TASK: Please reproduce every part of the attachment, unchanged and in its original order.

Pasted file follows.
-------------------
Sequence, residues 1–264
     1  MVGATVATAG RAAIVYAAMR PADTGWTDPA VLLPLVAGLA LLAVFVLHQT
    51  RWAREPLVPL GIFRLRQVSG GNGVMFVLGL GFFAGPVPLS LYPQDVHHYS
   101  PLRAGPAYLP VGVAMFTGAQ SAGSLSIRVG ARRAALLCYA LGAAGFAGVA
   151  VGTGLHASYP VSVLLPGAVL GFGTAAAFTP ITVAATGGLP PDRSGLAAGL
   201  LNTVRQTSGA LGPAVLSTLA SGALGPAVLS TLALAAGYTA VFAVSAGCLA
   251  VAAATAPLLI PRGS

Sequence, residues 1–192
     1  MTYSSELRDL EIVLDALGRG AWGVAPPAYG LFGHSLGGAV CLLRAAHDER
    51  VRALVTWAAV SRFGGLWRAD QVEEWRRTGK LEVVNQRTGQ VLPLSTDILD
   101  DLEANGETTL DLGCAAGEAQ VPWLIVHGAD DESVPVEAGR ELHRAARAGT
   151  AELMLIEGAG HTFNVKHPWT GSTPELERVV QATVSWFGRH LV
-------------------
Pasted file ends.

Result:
Sequence, residues 1–264
     1  MVGATVATAG RAAIVYAAMR PADTGWTDPA VLLPLVAGLA LLAVFVLHQT
    51  RWAREPLVPL GIFRLRQVSG GNGVMFVLGL GFFAGPVPLS LYPQDVHHYS
   101  PLRAGPAYLP VGVAMFTGAQ SAGSLSIRVG ARRAALLCYA LGAAGFAGVA
   151  VGTGLHASYP VSVLLPGAVL GFGTAAAFTP ITVAATGGLP PDRSGLAAGL
   201  LNTVRQTSGA LGPAVLSTLA SGALGPAVLS TLALAAGYTA VFAVSAGCLA
   251  VAAATAPLLI PRGS

Sequence, residues 1–192
     1  MTYSSELRDL EIVLDALGRG AWGVAPPAYG LFGHSLGGAV CLLRAAHDER
    51  VRALVTWAAV SRFGGLWRAD QVEEWRRTGK LEVVNQRTGQ VLPLSTDILD
   101  DLEANGETTL DLGCAAGEAQ VPWLIVHGAD DESVPVEAGR ELHRAARAGT
   151  AELMLIEGAG HTFNVKHPWT GSTPELERVV QATVSWFGRH LV